Because Avis wasn’t real, I had much more freedom in developing her experiences and her character. However there did seem to come a point during the writing process where the fictional characters took over from me. I actually became very fond of Mistress Pudding and White Boy as I wrote. The strangest coincidence happened when I was writing the chapter where Avis visits the wise woman who lives at the shrine to St Augustus of Hippo. I had already written the paragraph about how Avis felt when she trod the steps to the bridge thinking of all the pilgrims in the past who had crossed the bridge and how the centuries seemed to meet there, when I felt I needed to do a little more research, and I read of St Augustine walking up a flight of stairs and entering, “the vast meadows of memory.” This was eerie, as if the novel was writing itself.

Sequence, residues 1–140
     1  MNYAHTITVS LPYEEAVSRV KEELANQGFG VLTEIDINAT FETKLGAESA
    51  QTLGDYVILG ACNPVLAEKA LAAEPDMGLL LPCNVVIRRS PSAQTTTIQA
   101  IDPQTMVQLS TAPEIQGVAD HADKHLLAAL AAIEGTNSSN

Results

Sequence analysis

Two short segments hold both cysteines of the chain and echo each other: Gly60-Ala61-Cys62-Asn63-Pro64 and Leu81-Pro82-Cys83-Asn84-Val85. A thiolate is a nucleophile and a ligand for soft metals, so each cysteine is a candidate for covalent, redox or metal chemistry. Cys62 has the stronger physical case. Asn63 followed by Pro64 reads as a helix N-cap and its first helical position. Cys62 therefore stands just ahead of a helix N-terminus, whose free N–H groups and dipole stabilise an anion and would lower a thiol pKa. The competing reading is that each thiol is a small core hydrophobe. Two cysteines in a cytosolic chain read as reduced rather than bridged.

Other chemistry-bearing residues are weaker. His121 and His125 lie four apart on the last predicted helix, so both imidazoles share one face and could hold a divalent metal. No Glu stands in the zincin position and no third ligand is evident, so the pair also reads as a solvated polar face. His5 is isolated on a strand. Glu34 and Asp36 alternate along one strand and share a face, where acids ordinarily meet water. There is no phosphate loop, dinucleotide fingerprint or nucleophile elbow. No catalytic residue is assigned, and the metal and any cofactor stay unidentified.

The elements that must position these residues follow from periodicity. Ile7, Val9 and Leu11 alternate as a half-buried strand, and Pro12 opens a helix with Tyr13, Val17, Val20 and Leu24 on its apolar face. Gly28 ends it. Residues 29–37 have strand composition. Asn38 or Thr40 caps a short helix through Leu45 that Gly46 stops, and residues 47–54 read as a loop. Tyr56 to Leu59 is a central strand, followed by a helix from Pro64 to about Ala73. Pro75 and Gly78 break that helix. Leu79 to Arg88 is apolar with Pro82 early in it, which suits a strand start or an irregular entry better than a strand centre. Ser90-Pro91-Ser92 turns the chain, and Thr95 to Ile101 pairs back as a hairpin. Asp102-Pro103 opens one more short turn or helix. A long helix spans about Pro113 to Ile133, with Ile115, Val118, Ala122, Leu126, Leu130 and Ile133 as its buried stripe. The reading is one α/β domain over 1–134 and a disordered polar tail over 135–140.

6. Throughout the novel, you flip between the 1530s and 1550s ("present day"), with Avis often explaining her story to another character. Out of these two periods (Henry VIII's reign vs. Mary's reign), which are you most fascinated by and why?
Before I wrote Mayflowers I would have said that Henry VIII’s reign fascinated me most. However, having seen how Avis and her husband struggled through the religious changes thrust upon them in Henry, Edward and Mary’s reigns I am intrigued by the dilemma of ordinary people in the sixteenth century who had been brought up as either Roman Catholics or Protestants. Acts of Parliament and threats of burning at the stake cannot alter what people believe in their hearts.
7. Walk me through your planning and research process for this novel.